Ever have a leftover half gallon of milk sitting in your fridge that is about to go bad, but you know you’re just not going to get to all of it? While this doesn’t happen often, it does happen occasionally in my house for one reason or another. When it does, I use the milk as a perfect opportunity to make ricotta cheese at home.
Making ricotta cheese at home may sound daunting, but it’s actually a fun little project that doesn’t require any special enzymes like other cheese making methods, and can be done easily on the stove top. The reaction that transforms the milk into cheese simply involves a little heat and a little acid (in the form of lemon juice or vinegar) to make the milk form into small curds. Once these curds are strained out from the whey using cheese cloth, simply add some salt and refrigerate! The curds should set up into a nice, creamy cheese that is perfect as a side for fruit or to top some toast.
If your curds set up too hard or chewy, I like to add a little heavy cream to the curds to result in a more creamy, luxurious texture. Home-made ricotta can sometimes become tough as it sits and refrigerates, and the extra heavy cream serves as a little insurance policy to prevent the texture from becoming too chunky. The recipe down below doesn’t include this as a step because it usually works perfectly without it, but I wanted to throw this in as a helpful tip in case your results were less creamy than what you were hoping for!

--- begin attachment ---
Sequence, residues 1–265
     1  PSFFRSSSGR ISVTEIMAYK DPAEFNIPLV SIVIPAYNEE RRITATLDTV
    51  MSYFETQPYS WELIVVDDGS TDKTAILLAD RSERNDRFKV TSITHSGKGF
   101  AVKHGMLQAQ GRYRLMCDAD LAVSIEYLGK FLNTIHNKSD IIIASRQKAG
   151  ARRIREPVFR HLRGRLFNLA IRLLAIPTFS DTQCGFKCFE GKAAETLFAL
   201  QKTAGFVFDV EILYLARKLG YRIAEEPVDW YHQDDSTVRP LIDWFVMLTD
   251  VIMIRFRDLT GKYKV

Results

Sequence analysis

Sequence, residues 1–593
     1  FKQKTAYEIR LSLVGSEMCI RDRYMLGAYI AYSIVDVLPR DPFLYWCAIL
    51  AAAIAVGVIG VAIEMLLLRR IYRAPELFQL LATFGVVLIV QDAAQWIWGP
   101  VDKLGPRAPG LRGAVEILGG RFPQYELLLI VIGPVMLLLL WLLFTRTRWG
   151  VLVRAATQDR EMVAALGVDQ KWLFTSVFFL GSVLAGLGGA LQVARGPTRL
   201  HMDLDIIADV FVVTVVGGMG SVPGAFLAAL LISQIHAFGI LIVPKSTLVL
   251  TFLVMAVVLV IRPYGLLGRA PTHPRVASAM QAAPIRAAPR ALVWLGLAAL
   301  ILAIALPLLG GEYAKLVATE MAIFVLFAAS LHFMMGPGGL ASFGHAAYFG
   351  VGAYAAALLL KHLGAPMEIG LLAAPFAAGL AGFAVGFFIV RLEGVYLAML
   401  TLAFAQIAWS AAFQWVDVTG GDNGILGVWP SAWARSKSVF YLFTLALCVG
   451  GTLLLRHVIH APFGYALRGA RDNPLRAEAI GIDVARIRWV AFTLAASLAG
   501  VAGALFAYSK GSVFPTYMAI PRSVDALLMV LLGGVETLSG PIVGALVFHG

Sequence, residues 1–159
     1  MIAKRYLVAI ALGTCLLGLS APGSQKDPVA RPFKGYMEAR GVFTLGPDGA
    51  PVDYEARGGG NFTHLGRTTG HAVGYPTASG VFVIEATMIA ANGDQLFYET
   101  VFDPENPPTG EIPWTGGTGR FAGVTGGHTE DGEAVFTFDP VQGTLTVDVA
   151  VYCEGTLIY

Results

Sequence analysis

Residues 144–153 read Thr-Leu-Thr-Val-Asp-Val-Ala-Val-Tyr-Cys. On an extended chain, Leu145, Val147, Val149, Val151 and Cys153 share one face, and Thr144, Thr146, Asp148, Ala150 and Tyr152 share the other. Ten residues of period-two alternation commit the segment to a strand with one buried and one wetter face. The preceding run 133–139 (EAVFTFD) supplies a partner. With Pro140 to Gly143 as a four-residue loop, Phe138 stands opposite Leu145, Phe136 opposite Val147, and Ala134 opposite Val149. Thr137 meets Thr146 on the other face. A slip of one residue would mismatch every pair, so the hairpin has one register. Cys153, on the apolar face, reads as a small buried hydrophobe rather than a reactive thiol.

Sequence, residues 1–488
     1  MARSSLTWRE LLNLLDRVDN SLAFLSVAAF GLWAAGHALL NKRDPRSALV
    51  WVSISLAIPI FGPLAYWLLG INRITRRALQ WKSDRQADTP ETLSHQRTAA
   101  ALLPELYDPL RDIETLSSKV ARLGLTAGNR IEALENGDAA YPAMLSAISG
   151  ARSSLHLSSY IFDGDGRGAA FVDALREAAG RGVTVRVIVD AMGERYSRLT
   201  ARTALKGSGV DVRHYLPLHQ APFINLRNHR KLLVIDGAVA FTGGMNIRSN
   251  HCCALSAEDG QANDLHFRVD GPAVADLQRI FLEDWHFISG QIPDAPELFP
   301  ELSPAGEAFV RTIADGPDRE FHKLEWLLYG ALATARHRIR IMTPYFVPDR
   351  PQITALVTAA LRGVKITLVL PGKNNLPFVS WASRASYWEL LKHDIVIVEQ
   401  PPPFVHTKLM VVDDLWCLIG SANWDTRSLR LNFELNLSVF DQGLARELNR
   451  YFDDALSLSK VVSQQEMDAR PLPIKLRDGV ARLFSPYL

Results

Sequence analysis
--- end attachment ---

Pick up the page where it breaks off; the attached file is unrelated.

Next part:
I made the recipe below over the weekend that is based on the one published by Serious Eats (their ricotta recipe is linked here!). This used up my half gallon of milk perfectly and produced about 2 cups of ricotta cheese, which I’ve been enjoying for breakfast this week. It takes about an hour or so to make, so it’s definitely a little bit of a project, but a fun way to use up milk that would otherwise go bad and be thrown out!
Recipe down below, along with pictures!
Homemade Ricotta Cheese:
- ½ gallon of whole milk
- ¼ cup of lemon juice
- ¼ tsp salt
- Pour the milk into a large pot, and bring to 185F over medium-low heat, stirring constantly and using an instant-read thermometer to constantly monitor temperature.
- Once the milk is at 185F, turn off the heat and stir in lemon juice. After the lemon juice has been stirred in, continue to monitor the temperature of the milk for the next 20 minutes, ensuring that it stays between 175-185F for the whole 20 minutes. Do not stir for this period of time, as this will disrupt the formation of the curds.
- I start by keeping the heat off for a while so as to not overheat the milk. About half-way through as the temperature starts to get closer to 175F, I return the pot over very low heat to maintain the right temperature range.
- After the 20 minutes is up, there should be clear formation of curds (small chunks) within the milk mixture. Pour the milk mixture into a strainer lined with cheesecloth in the sink to begin to drain out the whey (yellowish, watery liquid that should have separated from the creamy, white curds).
- It’s helpful to use the corners of the cheesecloth to flip the draining ricotta and move it around slightly while it’s draining to be sure all of the whey is drained out. I let mine drain for about 5 minutes, until all of the noticeable whey was gone and all that remained were creamy, white curds.
- Transfer the drained ricotta to an air-tight container. Add salt, stir to combine. Refrigerate for at least 2 hours (or until completely chilled) before enjoying!